Alexander Technique Treatments

A teenage boy came to me for lessons because of a slightly hunched back and sloping shoulders. I knew he had been bullied at school, and his body language (or ‘use’) suggested someone who has learned to look at the ground, as though wanting to be invisible. I had the privilege of teaching him for a couple of years, and watching his habits of use change. At the same time he seemed to gain self -confidence, and become happier. Alexander Technique teachers are not therapists, and we never discussed the bullying in his past, so all I was doing was gently encouraging him through my hands and verbal guidance, to have the courage to stand up, to look out and face the world. Once a postural habit like stooping has been created, the habit will perpetuate the experience that created it. Somehow the pattern must be broken.

Another teenage boy I taught was extremely tall in his early teens. His stoop was developed as a communication tool that would have felt a necessity to him. His peers were all lower than him in space. By the time he came to me for lessons he was 16, and by then the dropping of the head and neck was just a habit. The habit remained although he was by then not the tallest, only one of the tallest. Habits are very determined. This particular boy was not lacking in self-confidence, but through the AT he gained in self-awareness, and prevented his neck and upper back from worsening into a harmful bent shape in years to come.

I lived with high levels of anxiety and low self-esteem for much of my teenage years, and my twenties. My habits of use were a reflection of this. I had tight shoulders and neck, and I held a lot of tension in my stomach and pelvic area. I was always pushing the pelvis forward in standing, then when I sat, I slumped. I found when I learned the AT that trying to let go of my habits of tension and imbalance propelled me at the same time to investigate what was causing the anxiety in the first place. We are not born with tense muscles and bent necks, it is our experience that creates them, and our responses to that experience. So much of the tight muscles came down to how I felt about myself. I saw a great psychotherapist at the time and as my self-worth increased, my habits changed. Body language, posture, deportment, all things that Alexander summed up in the one word: ‘use’ can say so much about how a person feels about themselves. The AT makes us aware of our habits of use, and gently leads us forward on a path of change, where we become better versions of ourselves.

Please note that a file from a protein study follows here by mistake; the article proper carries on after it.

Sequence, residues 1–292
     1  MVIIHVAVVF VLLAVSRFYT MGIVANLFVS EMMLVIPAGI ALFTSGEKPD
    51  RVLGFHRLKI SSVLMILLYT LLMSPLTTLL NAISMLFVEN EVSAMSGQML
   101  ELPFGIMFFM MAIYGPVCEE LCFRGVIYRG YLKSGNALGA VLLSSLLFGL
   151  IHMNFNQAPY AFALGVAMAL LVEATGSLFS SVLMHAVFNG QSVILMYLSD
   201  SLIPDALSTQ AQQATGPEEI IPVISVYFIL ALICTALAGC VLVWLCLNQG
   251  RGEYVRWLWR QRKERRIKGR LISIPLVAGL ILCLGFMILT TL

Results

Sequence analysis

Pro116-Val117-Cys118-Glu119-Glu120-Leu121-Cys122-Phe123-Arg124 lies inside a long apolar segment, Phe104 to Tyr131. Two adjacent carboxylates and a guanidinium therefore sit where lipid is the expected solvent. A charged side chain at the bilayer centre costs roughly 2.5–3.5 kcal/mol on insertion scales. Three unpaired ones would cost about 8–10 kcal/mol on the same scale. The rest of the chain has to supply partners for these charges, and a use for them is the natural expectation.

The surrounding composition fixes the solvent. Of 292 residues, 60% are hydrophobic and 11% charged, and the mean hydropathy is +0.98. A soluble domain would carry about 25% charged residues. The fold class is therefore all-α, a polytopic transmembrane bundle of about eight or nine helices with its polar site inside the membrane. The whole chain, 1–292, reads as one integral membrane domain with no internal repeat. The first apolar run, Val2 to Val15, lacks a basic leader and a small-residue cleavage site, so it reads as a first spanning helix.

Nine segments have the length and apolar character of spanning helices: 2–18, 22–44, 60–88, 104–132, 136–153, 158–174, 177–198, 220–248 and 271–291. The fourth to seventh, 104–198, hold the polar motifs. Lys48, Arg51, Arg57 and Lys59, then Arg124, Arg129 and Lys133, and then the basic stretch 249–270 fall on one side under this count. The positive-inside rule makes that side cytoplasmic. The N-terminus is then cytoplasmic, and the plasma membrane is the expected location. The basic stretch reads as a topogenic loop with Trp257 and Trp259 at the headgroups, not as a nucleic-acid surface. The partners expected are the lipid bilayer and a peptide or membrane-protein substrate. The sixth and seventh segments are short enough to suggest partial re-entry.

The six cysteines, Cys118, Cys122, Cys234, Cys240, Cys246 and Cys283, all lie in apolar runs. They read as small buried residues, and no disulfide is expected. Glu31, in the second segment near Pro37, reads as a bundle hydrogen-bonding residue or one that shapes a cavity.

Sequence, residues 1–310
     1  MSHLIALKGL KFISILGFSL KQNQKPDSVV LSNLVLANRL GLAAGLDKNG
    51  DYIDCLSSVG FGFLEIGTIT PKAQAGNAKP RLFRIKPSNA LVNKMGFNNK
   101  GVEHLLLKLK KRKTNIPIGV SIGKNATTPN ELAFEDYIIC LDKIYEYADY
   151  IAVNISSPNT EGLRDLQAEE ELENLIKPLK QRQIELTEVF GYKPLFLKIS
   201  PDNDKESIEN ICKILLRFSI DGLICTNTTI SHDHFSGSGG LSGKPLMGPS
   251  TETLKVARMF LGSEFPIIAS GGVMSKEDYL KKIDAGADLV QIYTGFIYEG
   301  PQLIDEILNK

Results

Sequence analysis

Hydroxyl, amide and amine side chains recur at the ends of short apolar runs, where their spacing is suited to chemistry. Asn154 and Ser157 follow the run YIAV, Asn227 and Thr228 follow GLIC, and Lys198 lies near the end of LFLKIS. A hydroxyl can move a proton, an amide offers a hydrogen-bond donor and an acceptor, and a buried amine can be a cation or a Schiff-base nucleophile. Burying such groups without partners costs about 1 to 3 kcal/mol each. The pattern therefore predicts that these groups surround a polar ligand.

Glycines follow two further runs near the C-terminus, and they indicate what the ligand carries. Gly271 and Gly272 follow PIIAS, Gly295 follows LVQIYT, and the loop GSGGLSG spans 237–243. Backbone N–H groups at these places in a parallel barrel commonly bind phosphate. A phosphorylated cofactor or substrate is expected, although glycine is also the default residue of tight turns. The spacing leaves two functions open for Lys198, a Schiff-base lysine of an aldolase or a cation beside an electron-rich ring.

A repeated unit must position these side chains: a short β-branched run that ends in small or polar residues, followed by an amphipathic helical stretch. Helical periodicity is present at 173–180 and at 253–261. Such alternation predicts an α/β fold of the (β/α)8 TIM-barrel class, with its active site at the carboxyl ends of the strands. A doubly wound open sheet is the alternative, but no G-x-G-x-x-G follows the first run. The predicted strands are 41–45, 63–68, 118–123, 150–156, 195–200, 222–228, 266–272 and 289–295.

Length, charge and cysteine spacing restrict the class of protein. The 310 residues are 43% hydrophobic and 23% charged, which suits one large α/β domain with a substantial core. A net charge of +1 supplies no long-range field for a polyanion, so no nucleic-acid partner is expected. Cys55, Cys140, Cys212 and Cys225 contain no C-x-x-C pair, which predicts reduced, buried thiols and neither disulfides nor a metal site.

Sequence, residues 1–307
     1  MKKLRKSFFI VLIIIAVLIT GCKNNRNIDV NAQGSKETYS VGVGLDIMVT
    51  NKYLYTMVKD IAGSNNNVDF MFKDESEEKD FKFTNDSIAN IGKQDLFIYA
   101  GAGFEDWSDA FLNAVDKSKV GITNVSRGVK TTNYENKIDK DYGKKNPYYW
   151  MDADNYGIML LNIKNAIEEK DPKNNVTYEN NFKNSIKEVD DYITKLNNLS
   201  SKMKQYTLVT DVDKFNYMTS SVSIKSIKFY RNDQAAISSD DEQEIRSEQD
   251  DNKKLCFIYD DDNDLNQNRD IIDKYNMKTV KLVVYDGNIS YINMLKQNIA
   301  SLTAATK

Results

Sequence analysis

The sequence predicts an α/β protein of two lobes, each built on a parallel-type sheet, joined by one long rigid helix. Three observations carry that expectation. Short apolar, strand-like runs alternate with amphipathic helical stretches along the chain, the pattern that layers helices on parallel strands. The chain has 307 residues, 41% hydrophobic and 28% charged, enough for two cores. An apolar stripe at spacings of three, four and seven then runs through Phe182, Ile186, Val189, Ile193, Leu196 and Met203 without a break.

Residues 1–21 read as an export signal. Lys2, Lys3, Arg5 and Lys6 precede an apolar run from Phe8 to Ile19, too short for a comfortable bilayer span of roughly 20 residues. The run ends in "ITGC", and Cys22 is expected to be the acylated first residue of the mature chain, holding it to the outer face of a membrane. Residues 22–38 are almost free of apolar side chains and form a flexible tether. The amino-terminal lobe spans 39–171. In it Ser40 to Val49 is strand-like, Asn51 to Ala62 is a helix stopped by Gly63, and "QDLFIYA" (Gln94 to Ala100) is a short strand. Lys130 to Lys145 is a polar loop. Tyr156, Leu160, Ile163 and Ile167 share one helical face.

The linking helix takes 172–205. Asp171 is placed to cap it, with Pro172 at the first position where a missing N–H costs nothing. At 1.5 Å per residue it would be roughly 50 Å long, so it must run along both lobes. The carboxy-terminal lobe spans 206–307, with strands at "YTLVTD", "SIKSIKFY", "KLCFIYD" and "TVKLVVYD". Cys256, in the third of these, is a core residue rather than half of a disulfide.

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About Susanna Scouller

Susanna Scouller has been a teacher of the Alexander Technique since taking up lessons after a diagnosis of mild MS in 1994. The Alexander Technique is a well-known tool for actors and musicians to help aid performance; however it can be beneficial to anyone of any profession. Notoriously difficult to explain and a form of complementary health, the technique is a learnt skill that works at encouraging the body to return to its natural poise, whilst eradicating unnecessary tension caused by modern living. Susanna is based at the Pimlico Centre in London; the only shop-fronted premises solely used for the purpose of teaching the Alexander Technique. Susanna may be contacted via